University of Barcelona

Galaxy Structure and Evolution

ICCUB research in this area includes both galactic and extragalactic astronomy:

Galactic astronomy

Galactic astronomy is the study of the Milky Way. Our Galaxy is a complex system, a late type spiral, with major structural elements, namely the bar and bulge, the halo and both the thick and thin disks. The majority of the mass of the Galaxy is contained within the dark matter halo —clues as to this can be found in measurements of the globular clusters in the halo and, more generally, the dynamics of stars in the latter. Our Galaxy is a rich laboratory where we can explore how stars and galaxies form, how they evolve, and what processes shape their current forms. Stars harbour planets, and our planetary system provide pointers to extra-solar worlds. Making linkages from the local solar neighbourhood, to planetary systems, open clusters, the disk or to our galaxy as a whole, is the key to our understanding of the wider evolution of the Universe — from the Big Bang to its eventual cold and lonely demise. [+]

Extragalactic astronomy

Extragalactic astronomy is concerned with everything that lies beyond the domain of galactic astronomy (i.e. the Milky Way). This includes a large array of objects and phenomena ranging from galaxies to superclusters and spanning the last 13 billion years of the history of the Universe. This makes extragalactic astronomy a fertile ground for the merging of many branches of physics (mainly high energy physics and cosmology). [+]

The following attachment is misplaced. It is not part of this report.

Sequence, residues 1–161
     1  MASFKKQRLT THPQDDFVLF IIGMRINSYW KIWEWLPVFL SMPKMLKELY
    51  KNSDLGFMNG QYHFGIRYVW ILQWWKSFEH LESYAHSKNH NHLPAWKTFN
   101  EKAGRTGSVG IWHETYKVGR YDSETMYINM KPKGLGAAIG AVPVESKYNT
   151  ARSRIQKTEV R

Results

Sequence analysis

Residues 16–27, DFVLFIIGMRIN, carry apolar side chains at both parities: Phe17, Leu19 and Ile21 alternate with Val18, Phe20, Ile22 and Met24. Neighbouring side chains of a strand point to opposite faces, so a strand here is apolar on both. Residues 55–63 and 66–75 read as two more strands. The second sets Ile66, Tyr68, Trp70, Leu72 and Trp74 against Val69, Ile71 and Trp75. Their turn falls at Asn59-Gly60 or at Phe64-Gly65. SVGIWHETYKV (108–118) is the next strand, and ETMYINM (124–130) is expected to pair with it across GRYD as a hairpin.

ICCUB Contribution
Galactic astronomy

Research in galactic astronomy at the ICCUB includes three main lines of research: galaxy modeling, the study of stellar constituents and stellar luminosity calibration. At present, this research is highly influenced by the preparation of the scientific exploitation of the Gaia mission, in which ICCUB researchers are deeply involved (see the GAIA Mission link for more information). [+]

Extragalactic astronomy

ICCUB’s interest in galactic astrophysics extends beyond the Milky Way and is concerned, too, with the formation of the first galaxies, which were formed from pristine matter. They comprised population III stars, which reionised the intergalactic medium, polluted it with metals and left behind the seeds of SMBHs. These are processes currently being modeled at ICCUB. [+]

Lines of Research